U.S. National Security Advisor John Bolton on Sunday said he didn’t consider the recent Hanoi summit between North Korean leader Kim Jong Un and U.S. President Donald Trump to be a failure.
In a wide-ranging interview on CBS’s Face the Nation, Bolton said that despite the lack of an agreement at the summit, Trump had protected the U.S.’ national interests.
“I don’t consider the summit a failure. I consider it a success defined as the president protecting and advancing American national interest,” Bolton told CBS’ Margaret Brennan.
“… The president held firm to his view. He deepened his relationship with Kim Jong Un. I don’t view it as a failure at all when American national interests are protected.”
The U.S. National Security Advisor also further expanded on the negotiations at the summit in Vietnam, saying that Trump had offered Kim what he termed “the big deal”, complete denuclearization under Washington’s definition in exchange for an “an enormous economic future.”
“If North Korea commits to complete denuclearization– including its ballistic missile program and its chemical and biological weapons programs, the prospect of economic progress is there,” Bolton said.
But Pyongyang put a narrower denuclearization option on the table, more focused on “the Yongbyon complex which includes an aging nuclear reactor and some percentage of their uranium enrichment plutonium reprocessing capabilities,” Bolton said.
The U.S. National security advisor added that in exchange for Yongbyon, North Korea wanted “substantial relief from the sanctions.”
After the summit in the Vietnamese capital, both Washington and Pyongyang gave their own version of events on why the talks ended abruptly and without an agreement.
Trump said that North Korea had asked for “sanctions lifted in their entirety,” while North Korean Foreign Minister Ri Yong Ho later announced Pyongyang wanted the “partial removal” of international restrictions.
North Korea’s requests focused on rolling back UN resolutions passed throughout 2016 and 2017, which target the DPRK’s mineral and food exports, fuel imports and contain other relatively broad restrictions on the DPRK’s inward and outward bound trade.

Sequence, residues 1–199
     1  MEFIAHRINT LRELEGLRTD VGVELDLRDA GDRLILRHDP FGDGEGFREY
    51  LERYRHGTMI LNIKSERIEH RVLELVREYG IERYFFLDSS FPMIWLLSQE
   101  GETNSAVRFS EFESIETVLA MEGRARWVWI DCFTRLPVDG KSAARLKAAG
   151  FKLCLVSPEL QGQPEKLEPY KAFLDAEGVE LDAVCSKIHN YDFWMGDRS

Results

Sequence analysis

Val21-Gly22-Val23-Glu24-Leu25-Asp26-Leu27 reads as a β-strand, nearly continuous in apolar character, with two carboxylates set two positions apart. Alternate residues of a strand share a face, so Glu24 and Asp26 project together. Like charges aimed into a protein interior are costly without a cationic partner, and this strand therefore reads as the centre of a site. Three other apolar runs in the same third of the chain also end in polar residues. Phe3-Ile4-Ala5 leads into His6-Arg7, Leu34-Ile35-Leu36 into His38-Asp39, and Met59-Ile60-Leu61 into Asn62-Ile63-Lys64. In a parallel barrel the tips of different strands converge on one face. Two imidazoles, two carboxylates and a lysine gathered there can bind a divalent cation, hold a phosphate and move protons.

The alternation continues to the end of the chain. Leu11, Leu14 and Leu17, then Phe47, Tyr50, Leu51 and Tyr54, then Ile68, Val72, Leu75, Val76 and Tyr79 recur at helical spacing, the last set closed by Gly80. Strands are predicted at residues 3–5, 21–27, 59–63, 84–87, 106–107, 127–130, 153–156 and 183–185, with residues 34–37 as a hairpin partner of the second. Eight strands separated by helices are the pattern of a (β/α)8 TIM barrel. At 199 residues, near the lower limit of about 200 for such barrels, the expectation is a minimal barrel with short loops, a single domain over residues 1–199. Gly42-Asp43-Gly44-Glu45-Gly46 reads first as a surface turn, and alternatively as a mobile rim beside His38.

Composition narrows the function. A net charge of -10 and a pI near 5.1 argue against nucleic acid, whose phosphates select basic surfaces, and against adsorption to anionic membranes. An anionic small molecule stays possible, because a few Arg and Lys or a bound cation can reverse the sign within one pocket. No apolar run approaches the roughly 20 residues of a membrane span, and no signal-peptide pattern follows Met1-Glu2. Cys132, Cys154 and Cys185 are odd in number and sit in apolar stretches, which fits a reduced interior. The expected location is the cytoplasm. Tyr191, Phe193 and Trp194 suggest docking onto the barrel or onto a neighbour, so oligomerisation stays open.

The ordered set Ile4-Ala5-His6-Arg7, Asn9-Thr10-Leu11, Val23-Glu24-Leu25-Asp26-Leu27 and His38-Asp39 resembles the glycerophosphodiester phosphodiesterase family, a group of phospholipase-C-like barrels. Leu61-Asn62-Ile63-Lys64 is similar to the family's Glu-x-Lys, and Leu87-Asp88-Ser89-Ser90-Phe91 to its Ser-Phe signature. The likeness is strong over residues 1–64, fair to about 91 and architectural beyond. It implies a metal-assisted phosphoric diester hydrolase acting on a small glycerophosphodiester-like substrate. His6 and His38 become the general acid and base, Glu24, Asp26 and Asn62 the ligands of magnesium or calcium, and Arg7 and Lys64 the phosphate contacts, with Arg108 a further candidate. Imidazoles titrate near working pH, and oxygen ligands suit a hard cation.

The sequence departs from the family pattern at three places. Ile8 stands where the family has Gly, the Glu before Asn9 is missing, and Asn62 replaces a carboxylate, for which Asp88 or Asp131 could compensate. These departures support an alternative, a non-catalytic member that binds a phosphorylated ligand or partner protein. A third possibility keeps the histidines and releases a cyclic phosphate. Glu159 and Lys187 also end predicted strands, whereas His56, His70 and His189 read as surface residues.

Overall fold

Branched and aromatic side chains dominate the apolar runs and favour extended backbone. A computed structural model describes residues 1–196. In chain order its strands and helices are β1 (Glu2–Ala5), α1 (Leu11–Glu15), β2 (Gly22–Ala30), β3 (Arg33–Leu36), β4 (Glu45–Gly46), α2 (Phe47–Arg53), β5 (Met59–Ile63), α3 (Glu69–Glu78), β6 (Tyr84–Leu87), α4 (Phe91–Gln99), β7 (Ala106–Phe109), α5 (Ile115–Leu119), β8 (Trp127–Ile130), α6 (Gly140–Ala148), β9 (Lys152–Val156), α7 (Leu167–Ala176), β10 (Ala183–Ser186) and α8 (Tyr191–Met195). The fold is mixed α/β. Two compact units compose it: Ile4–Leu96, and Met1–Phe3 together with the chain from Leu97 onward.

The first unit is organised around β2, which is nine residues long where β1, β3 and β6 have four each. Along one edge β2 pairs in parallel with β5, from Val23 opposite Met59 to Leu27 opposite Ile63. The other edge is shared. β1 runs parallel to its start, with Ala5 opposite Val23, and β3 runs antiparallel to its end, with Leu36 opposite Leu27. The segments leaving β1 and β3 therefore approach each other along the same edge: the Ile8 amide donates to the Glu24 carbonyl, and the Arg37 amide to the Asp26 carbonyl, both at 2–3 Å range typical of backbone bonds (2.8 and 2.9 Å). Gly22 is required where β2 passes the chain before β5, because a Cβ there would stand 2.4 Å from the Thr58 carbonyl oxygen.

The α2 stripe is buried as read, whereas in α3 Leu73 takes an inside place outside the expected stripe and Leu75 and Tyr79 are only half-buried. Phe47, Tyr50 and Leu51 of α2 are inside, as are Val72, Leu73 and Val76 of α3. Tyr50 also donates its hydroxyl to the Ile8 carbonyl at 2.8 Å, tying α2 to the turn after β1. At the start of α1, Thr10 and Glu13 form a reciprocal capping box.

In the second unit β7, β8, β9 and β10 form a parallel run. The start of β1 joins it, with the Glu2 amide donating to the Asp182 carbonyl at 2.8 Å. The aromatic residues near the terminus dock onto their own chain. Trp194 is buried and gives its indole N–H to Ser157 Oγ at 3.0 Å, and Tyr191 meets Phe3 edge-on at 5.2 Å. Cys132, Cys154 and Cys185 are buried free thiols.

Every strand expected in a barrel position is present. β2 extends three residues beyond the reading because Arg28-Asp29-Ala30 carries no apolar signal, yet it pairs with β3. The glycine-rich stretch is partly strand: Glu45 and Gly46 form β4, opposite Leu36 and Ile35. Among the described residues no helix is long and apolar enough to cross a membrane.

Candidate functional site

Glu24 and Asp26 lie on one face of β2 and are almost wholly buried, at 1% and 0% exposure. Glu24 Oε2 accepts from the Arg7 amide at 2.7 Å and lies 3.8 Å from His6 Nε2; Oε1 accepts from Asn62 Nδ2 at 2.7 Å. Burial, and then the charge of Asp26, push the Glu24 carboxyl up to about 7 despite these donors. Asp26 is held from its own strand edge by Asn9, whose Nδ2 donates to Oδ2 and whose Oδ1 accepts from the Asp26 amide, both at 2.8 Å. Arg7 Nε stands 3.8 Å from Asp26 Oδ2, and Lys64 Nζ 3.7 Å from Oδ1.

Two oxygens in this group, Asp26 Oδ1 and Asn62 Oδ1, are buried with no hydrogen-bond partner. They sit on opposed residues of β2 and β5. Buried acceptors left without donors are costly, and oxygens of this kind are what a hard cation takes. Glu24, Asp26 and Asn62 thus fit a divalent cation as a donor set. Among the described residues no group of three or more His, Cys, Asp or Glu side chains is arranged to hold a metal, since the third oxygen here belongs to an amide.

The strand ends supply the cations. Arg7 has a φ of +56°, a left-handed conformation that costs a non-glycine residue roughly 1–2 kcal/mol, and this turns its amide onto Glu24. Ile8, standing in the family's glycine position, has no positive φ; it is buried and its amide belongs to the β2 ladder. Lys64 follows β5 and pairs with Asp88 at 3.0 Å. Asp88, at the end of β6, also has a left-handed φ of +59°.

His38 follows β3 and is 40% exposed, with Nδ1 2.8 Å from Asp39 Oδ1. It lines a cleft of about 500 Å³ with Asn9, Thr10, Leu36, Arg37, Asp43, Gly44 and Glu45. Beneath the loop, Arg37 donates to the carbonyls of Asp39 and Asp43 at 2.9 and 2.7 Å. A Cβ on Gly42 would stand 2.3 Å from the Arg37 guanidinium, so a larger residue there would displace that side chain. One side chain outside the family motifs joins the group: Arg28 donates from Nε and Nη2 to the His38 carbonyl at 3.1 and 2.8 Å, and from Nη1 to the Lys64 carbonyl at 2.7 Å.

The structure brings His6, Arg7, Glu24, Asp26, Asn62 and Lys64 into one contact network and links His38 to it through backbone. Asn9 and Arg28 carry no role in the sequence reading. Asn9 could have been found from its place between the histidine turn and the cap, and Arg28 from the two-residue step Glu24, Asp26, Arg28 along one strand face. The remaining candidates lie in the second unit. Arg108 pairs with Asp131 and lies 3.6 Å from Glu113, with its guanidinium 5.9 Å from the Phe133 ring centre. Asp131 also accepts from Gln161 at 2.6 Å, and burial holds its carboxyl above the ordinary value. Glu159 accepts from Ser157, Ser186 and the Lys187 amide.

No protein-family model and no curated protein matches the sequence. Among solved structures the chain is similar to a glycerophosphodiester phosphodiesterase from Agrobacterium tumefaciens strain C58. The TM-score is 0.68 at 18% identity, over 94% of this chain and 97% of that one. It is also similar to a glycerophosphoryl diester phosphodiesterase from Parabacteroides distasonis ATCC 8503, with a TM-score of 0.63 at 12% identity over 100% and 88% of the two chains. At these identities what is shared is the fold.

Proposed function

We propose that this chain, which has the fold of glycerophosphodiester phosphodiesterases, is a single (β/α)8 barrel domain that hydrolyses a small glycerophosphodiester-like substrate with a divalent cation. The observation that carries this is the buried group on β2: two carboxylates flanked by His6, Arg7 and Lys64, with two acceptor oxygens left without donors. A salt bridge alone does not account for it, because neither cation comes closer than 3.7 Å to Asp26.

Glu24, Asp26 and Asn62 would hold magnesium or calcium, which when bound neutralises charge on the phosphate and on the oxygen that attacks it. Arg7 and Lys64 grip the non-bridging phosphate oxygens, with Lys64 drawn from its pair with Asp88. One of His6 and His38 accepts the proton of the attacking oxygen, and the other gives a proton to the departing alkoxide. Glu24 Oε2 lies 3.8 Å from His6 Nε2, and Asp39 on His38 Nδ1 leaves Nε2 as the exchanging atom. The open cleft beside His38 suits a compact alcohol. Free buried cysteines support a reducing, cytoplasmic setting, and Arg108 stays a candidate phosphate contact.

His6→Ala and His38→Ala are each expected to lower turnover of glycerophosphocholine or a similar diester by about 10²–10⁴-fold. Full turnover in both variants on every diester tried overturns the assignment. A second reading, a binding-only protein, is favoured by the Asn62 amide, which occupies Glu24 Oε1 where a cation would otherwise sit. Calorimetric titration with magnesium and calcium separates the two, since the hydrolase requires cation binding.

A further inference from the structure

The UN resolutions passed before 2016 were primarily focused on North Korean proliferation and the country’s weapons trading.
During the CBS interview, Bolton also headed off potential criticism that earlier diplomatic groundwork prior to the summit was supposed to negate the possibility of both sides walking away from the meetings without a deal.
“We honestly didn’t know (what North Korea would bring to the table). I mean it’s not unusual in these circumstances to find that there are additional concessions that the other side might make,” Boltons said.
“But we’ve tried to make it clear to them – as again the president has said this repeatedly we’re not going to make the mistakes of past administrations.”
The national security advisor said that the next steps weren’t clear, but that the U.S. would continue the “maximum pressure campaign”, while admitting that North Korea continued to produce nuclear materials.
“They have been (producing nuclear fuel). Yes, they have. That’s exactly correct,” Bolton said.
But Bolton added that there was “no expiration” date on the diplomatic track with North Korea and that the continuing nuclear production did not reduce Washington’s leverage.
“I don’t think the leverage gets reduced because I think we will keep the maximum pressure campaign in place even before the summit,” the U.S. national security advisor said.
“We were looking at ways to tighten it up, to stop for example the ship to ship transfers that the North Koreans are using to evade the sanctions, to talk to other countries to make sure they tighten up on North Korea.”
Bolton also answered questions on Trump’s comments on Otto Warmbier, which drew sharp criticism from U.S. lawmakers and human rights activists.
Speaking at a press conference after the summit, the U.S. president said he believed that North Korean leader Kim Jong Un had no knowledge of Warmbier’s treatment, who was returned to the U.S. in a coma and died shortly after.
“The president’s been very clear he viewed what happened to Otto Warmbier as barbaric and unacceptable and I think the best thing North Korea could do right now would be to come up with a full explanation of exactly what happened to him,” Bolton said.
“I’ve heard the president talk about Otto Warmbier on any number of occasions in the Oval Office. And I know how strongly he feels about it. I have no doubt of that whatever.”
Speaking later on CNN’s State of the Union, Bolton said that his own opinion on Warmbier’s treatment didn’t matter and that he was Trump’s national security advisor, not the “national security decision maker.”
Featured image: White House
Join the influential community of members who rely on NK News original news and in-depth reporting.
Subscribe to read the remaining 801 words of this article.